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Dubois drawing motivation from World Juniors cut

by Tim Wharnsby

Every Thursday, will look ahead to the 2016 NHL Draft with an in-depth profile on one of its top prospects.

When Cape Breton Screaming Eagles forward Pierre-Luc Dubois, 17, a top prospect for the 2016 NHL Draft, learned he wasn't going to play for Canada at the 2016 IIHF World Junior Championship, he turned to a rival Quebec Major Junior Hockey League assistant coach for solace.

That coach was Rimouski assistant coach Eric Dubois, who also is Pierre-Luc's father.

And the fatherly advice was for Pierre-Luc to employ the experience as motivation.

"That's exactly what I told him," Eric Dubois said. "This wasn't the first time he was disappointed in hockey and it won't be the last time. I told him there have been lots of players like Tyler Seguin who for didn't play for Canada at the World Junior Championship and turned out pretty good.

"He knows what he wants to do and I think he's already shown that he has used this disappointment in the right way."

In the six games since he returned to Cape Breton, Dubois has five goals and nine points, including a three-goal, two-assist game against Halifax on Dec. 29.

Dubois, a 6-foot-2, 202-pound left wing, is leads Cape Breton with 56 points and is second wtih 25 goals in 39 games. He's already eclipsed the 10 goals and 45 points he had in 54 games as a QMJHL rookie last season. 

"I feel a lot more confident about my game every day, and that's what I'm trying to do, build on my game each and every day," he said.

"At 16 I was just trying to learn from players like Evgeny Svechnikov, who was drafted in the first round by Detroit [Red Wings, No. 19th in 2015]. This year we have a really good team and I want to have an impact on the team."

Scouts like Dubois' skill, smarts and size, and see him as a solid all-around player. He's not physical, but that aspect of his game may come as he physically matures. He has the makings of a top-six forward in the NHL who can play in any situation.

"Not the best in any category but capable in every category," said an NHL scout who has observed Dubois.

Dubois said he likes to study the game of Dallas Stars forward Jamie Benn. Benn is listed at 6-2 and 210 pounds, so there's a similar build to Dubois. Dubois said he likes the two-way game of last season's Art Ross Trophy winner.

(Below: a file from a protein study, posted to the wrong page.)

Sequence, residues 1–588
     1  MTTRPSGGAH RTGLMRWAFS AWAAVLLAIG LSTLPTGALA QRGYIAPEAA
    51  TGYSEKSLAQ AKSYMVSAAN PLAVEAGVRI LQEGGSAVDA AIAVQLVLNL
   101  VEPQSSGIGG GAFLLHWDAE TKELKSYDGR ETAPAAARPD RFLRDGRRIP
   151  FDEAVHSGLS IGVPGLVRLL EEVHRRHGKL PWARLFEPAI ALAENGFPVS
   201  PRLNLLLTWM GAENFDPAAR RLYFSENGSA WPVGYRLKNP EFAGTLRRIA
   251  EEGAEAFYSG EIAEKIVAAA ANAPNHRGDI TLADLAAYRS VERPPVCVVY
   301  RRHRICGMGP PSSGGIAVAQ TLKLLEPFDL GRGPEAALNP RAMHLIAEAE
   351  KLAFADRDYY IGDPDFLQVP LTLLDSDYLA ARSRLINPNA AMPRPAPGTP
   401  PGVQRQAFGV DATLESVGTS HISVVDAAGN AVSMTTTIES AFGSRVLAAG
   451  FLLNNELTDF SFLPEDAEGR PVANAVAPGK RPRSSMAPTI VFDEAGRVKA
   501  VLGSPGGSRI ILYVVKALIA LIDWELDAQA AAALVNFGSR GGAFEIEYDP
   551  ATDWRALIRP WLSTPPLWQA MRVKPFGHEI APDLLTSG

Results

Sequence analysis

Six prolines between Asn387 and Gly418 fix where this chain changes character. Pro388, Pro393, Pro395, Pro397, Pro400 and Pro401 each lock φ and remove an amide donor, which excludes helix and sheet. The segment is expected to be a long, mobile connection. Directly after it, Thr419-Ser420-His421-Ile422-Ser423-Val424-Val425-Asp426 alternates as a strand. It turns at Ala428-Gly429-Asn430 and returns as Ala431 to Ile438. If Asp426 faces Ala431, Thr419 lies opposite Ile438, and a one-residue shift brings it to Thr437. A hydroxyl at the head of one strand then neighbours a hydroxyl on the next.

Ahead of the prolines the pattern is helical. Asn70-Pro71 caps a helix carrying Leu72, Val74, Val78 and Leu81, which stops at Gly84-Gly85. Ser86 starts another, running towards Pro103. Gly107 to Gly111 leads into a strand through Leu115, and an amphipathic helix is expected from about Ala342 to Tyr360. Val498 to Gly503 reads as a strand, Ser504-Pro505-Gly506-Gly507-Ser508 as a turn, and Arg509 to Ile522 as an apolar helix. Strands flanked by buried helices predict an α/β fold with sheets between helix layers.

Hockey runs in the Dubois family. Eric Dubois played 11 seasons in North American minor leagues and in Europe. He met his wife Jill while he was playing for Atlanta in the International Hockey League. As a child Pierre-Luc played baseball, soccer, golf and football, but he loved hockey the most.

"Right from the start you could see he had a passion for hockey," his father said. "You tell he loved being around the rink."

Pierre-Luc's earliest hockey memories were skating in Germany, where his father's pro career ended. He also recalls the different coaching stops Eric has made in the QMJHL, from Baie-Comeau to Acadie-Bathurst to Rimouski, where he's been since the 2012-13 season.

"I grew up in junior rinks with my dad, watching his teams play," he said. "I'm still like that today, even though he's in Rimouski and I'm in Cape Breton. I still follow pretty much everybody in the CHL."

Eric Dubois said he watches his son via the Internet as much as his job allows. He said he's learned to pick his spots when it comes to fatherly advice.

His son may be a left-shot forward while he was a right-shot defenseman, but Eric knows the game. He was selected by the Quebec Nordiques in the fourth round (No. 76) of the 1989 NHL Draft, and in 1990 he helped Laval of the QMJHL advance to the Memorial Cup.

"First and foremost I want to relate to my son as a dad, not a coach," Eric said. "He has a coach. If he wants to talk about hockey, ask me for advice, then we will talk. But I'm not going to force the issue."

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